obvious that some crops are more efficient to produce -
use less resources per nutritional unit of output -
than others.


'Cornell Ph.D. student works the land by hand at Bison Ridge
Farming in harmony with nature

[snip self-congratulatory bullshit that has nothing to do with efficiency]

But how do "vegans" actually behave? Why, they buy
some fruits and vegetables that are resource-efficient,
and they buy some fruits and vegetables that are
relatively resource-INefficient. You know this by
looking at retail prices: higher priced goods ARE
higher priced because they use more resources to
produce.


Is horticultural produce subsidized like feed-grain, flesh, etc.?

If "vegans" REALLY were interested in food
production efficiency, they would only be buying the
absolutely cheapest fruit or vegetable for any given
nutritional requirement. This would necessarily mean
there would be ONLY one kind of leafy green vegetable,
one kind of grain, one variety of fruit, and so on.


'Analyses of data from the China

[snip bullshit that has nothing to do with efficiency]

If "vegans" were to extend this misuse of "efficiency"
into other consumer goods, say clothing, then there
would be only one kind of shoe produced (and thus only
one brand). The same would hold for every conceivable
garment. A button-front shirt with collars costs more
to produce - uses more resources - than does a T-shirt,
so everyone "ought" to wear only T-shirts, if we're
going to focus on the efficiency of shirt production.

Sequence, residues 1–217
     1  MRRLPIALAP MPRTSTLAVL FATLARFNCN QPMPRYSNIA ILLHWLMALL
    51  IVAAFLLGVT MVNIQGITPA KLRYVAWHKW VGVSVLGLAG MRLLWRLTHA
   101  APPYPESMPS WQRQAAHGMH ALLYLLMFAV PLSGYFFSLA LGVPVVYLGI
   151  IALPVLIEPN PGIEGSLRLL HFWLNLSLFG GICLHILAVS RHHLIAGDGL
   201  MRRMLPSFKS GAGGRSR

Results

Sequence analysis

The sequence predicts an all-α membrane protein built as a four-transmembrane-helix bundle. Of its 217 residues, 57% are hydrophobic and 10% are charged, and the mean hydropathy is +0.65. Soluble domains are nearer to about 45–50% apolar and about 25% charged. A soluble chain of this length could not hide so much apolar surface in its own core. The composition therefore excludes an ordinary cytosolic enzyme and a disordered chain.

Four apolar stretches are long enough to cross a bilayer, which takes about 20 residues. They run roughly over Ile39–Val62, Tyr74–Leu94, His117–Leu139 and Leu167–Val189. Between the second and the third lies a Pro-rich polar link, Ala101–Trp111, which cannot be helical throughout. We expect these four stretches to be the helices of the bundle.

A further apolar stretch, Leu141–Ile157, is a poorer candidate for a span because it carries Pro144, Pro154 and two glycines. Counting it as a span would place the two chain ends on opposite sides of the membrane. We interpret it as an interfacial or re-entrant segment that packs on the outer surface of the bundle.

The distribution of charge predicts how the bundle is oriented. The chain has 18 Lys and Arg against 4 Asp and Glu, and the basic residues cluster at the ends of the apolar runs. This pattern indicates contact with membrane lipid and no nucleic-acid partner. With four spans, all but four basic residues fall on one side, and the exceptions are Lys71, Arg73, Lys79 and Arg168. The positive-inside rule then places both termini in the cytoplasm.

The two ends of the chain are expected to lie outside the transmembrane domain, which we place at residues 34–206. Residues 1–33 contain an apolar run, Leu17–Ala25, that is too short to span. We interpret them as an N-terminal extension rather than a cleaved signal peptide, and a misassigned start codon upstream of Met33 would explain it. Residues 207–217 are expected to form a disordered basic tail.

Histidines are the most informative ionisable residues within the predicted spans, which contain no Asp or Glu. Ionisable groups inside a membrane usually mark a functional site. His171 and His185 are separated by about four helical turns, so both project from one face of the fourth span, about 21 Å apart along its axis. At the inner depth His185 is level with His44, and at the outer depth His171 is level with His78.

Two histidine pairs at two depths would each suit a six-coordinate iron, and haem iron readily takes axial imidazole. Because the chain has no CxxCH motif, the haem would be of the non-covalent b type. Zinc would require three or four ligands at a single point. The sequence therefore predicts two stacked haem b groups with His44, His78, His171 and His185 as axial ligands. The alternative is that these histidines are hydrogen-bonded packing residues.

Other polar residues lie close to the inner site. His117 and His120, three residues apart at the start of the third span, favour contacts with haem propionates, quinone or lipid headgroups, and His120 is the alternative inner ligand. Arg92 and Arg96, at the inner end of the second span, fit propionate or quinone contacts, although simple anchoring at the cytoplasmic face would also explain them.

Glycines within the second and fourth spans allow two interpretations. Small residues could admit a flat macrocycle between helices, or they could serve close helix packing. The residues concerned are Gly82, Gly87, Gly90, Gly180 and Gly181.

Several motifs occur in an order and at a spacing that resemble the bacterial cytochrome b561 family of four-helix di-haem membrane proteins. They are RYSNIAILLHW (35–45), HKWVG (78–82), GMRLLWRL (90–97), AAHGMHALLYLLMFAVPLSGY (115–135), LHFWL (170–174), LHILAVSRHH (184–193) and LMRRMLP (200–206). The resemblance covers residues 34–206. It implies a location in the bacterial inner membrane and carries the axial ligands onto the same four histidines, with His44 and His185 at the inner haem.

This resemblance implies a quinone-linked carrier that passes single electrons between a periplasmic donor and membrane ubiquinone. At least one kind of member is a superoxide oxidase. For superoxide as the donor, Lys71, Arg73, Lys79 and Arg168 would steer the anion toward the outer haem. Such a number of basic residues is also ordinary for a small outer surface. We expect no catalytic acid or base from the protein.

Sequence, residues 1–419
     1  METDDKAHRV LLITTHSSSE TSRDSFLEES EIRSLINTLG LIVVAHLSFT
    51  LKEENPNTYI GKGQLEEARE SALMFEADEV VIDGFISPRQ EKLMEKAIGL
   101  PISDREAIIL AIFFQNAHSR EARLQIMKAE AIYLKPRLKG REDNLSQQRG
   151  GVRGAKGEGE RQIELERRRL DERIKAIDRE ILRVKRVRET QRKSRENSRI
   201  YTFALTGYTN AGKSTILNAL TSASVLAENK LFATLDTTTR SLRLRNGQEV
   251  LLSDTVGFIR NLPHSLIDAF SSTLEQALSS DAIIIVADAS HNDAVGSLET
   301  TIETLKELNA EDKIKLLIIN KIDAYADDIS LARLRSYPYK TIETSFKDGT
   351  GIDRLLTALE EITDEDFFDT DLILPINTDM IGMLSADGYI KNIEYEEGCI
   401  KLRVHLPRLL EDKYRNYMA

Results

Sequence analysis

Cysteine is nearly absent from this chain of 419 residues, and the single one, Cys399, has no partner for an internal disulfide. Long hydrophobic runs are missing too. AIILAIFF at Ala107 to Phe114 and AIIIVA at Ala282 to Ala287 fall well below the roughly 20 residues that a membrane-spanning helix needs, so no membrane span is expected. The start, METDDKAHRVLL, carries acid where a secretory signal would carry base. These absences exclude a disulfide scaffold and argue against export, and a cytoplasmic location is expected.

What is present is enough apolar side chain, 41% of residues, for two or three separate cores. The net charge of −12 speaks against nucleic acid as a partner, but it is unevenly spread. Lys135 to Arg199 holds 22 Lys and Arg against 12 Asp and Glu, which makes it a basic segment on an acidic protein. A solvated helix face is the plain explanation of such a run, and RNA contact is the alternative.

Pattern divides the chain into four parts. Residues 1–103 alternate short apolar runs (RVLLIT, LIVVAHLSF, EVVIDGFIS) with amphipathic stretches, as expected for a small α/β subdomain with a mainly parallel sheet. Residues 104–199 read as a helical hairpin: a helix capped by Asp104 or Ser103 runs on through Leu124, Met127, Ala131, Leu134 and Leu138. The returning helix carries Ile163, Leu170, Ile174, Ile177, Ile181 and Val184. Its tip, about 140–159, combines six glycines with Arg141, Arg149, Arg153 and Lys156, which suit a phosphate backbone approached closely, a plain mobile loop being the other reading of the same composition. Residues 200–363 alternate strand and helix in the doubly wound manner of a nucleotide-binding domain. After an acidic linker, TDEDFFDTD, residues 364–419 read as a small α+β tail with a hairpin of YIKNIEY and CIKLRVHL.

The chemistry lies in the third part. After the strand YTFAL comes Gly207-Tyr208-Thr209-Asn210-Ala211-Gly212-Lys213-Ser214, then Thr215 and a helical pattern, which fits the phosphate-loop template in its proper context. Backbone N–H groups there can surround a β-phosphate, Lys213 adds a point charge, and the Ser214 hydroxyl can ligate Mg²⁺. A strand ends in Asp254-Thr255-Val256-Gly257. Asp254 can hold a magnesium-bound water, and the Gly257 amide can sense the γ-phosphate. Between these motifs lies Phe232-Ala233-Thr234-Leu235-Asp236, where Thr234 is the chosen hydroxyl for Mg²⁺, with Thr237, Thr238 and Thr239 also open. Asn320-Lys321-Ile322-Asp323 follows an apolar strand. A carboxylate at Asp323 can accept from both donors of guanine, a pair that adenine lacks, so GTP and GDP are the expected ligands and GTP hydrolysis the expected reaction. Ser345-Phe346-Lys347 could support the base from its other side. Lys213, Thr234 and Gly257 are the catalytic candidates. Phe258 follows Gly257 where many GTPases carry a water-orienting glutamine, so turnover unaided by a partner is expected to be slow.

You don't "need" any button front shirts, just as you
don't "need" meat. But look in any "vegan's" wardrobe,
and you'll see a variety of different kinds of clothing
(all natural fiber, of course.) "vegans" aren't
advocating that only the most "efficient" clothing be
produced, as their own behavior clearly indicates.

The correct way to analyze efficiency of production is
to focus as narrowly as possible on the end product,
then see if that product can be produced using fewer
resources. It is important to note that the consumer's
view of products as distinct things is crucial. A
radio can be produced far more "efficiently", in terms
of resource use, than a television; but consumers don't
view radios and televisions as generic entertainment
devices.

The critical mistake, the UNBELIEVABLY stupid mistake,
that "vegans" who misconceive of "inefficiency" are
making, is to see "food" as some undifferentiated lump
of calories and other nutritional requirements. Once
one realizes that this is not how ANYONE, including the
"vegans" themselves, views food, then the
"inefficiency" argument against using resources for
meat production falls to the ground.

I hope this helps.


"Isn't man an amazing animal?


Yes.
  #9 (permalink)   Report Post  
Old 30-05-2007, 01:59 AM posted to talk.politics.animals,alt.animals.ethics.vegetarian,alt.food.vegan,misc.rural
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Join Date: Feb 2006
Posts: 13
Default The myth of food production "efficiency" in the "ar" debate

On May 28, 9:32 pm, "Dutch" wrote:
"ricky's babysitter" wrote in message

ups.com...





On May 28, 11:17 am, Rudy Canoza wrote:
Dean Wormer wrote:
Hello Rudy,


Thanks for posting this. It's too long, of course, but that's par for
the course in these internet groups, isn't it.


Your main argument is actually quite elegant, and could be expressed
in almost mathematical terms. Alas, it was not. Instead, you have
let your fingers do your shouting, and you have succumbed to several
nasty habits of the truly indignant, such as capitalizing things that